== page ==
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Rare Form of Cancer: Inflammatory Breast Cancer

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Inflammatory breast cancer is a rare type of breast cancer that only amounts to 1-4 cases of breast cancer out of every 100. (1) Cancer cells block tiny lymph channels in the breast.

These lymph nodes drain tissue fluid but because they have been blocked by the cancer, they cannot do their job.

Fluid becomes retained and this leads to inflammation in breast tissues. The breast itself may also be swollen. This is why this type of cancer is called inflammatory breast cancer.

It is more aggressive than other types of breast cancer and can spread within a matter of weeks or months. It affects women who are typically younger than other women with a breast cancer diagnosis. The average age at onset is 57 years, compared with 62 years for other types of breast cancer.

Inflammatory breast cancer is sometimes misdiagnosed as mastitis, an infection of the breast, because the presentation is very similar and your doctor may prescribe antibiotics first to see if this resolves your symptoms.

What are the Symptoms?

Symptoms may include:

• Swollen breasts

• Breasts that are hard or hot to the touch

• Redness

• Changes to the skin such as pitting or thickening

• Discharge coming from the nipple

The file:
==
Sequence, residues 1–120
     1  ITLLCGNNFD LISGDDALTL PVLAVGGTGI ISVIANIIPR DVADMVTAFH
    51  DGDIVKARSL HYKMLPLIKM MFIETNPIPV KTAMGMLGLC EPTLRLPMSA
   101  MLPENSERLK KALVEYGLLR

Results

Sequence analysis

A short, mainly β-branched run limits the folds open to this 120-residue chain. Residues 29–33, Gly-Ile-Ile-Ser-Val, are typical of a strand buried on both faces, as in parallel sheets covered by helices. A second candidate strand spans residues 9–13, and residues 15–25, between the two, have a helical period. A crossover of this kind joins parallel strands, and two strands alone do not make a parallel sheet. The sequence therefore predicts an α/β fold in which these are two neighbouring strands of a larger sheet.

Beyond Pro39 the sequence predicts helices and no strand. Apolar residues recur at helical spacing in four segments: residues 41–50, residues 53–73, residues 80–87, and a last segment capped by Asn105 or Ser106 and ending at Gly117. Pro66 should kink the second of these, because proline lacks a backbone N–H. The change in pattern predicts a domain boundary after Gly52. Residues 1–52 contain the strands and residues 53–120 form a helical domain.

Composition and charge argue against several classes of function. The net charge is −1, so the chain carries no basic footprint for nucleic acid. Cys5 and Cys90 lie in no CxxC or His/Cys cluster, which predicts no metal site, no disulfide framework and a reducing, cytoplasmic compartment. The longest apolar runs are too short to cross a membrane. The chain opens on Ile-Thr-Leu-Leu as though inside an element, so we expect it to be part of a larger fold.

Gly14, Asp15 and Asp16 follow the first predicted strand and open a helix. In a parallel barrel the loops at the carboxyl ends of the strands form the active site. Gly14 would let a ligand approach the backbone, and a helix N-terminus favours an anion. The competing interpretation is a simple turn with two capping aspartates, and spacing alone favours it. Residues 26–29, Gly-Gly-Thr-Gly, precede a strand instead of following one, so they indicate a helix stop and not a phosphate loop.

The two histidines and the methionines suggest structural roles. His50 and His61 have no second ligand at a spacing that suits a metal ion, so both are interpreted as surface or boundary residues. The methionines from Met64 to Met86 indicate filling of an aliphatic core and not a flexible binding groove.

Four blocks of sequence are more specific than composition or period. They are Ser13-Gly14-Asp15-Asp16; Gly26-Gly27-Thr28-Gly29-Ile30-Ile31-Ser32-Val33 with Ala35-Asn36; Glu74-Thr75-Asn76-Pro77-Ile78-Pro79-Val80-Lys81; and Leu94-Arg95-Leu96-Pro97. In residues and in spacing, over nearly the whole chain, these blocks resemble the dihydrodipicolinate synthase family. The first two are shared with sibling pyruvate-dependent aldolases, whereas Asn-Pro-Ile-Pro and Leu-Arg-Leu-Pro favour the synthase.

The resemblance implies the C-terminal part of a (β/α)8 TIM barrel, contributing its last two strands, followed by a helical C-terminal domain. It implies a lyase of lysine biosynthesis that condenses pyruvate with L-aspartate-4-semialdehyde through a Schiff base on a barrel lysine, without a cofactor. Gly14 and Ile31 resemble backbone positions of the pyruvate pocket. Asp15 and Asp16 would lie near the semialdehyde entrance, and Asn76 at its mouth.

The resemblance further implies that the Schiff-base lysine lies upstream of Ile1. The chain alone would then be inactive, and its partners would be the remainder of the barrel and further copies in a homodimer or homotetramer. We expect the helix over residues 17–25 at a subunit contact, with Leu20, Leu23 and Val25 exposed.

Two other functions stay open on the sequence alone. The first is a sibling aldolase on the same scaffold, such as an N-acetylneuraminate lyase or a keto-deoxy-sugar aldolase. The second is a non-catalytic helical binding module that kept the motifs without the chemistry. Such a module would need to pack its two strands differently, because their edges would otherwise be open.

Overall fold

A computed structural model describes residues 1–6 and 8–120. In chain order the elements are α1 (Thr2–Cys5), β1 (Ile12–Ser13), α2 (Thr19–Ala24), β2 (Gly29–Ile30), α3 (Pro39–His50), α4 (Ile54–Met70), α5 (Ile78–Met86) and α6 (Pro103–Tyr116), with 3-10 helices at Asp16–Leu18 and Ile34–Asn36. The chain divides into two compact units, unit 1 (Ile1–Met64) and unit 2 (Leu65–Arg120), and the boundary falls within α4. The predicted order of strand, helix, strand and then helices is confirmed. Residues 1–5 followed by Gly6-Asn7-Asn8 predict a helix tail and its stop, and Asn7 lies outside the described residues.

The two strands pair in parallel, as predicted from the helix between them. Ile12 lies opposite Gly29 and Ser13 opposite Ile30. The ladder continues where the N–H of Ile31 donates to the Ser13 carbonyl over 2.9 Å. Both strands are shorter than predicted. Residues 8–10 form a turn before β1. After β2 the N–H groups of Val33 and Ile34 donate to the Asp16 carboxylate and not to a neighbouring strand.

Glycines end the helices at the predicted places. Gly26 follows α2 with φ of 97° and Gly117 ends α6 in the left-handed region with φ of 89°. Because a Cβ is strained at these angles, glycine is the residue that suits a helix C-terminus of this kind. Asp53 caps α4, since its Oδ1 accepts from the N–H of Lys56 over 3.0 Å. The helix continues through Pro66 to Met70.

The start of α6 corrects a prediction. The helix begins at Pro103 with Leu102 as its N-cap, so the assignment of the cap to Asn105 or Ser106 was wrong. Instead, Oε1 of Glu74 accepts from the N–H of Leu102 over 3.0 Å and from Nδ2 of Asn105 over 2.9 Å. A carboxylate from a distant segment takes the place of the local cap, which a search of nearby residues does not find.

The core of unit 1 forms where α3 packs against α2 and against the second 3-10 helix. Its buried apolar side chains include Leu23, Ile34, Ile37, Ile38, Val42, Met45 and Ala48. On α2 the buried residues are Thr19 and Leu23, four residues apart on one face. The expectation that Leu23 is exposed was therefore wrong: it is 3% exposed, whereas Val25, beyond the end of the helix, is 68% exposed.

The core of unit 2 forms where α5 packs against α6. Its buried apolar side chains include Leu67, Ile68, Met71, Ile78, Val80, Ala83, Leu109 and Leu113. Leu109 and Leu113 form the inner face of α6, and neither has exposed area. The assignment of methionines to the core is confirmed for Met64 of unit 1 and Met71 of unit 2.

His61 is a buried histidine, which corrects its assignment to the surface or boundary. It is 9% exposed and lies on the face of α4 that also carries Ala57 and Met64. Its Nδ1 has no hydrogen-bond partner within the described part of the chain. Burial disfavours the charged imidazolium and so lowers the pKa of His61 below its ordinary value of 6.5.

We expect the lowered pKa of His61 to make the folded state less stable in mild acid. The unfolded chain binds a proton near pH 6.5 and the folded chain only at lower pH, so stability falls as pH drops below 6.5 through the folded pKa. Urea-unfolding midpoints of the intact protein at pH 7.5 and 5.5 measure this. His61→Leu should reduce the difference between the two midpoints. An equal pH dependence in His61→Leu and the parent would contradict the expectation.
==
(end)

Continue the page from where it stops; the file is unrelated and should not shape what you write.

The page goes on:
• Inverted nipples (if they aren’t normally inverted)

• A lump that can be felt on physical examination

If your breasts are swollen and painful, your doctor normally won’t do a mammogram, as this would cause too much pain. There are however alternative diagnostic tests.


Unlike other cancers, usually neoadjuvant chemotherapy is offered first, before any surgery is attempted. The aim of this is to stop the cancer spreading to other areas because this is a fast acting cancer. Speedy treatment can also reduce swelling in the breast.

This will be done over four to six months unless the disease continues to progress. In that case, your oncologist may suggest operating promptly to remove the cancer cells.

The most common type of surgery for this type of cancer is total mastectomy (removal of the breasts) but there are other options if you don’t want to do this.

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We value and respect our HERWriters' experiences, but everyone is different. Many of our writers are speaking from personal experience, and what's worked for them may not work for you. Their articles are not a substitute for medical advice, although we hope you can gain knowledge from their insight.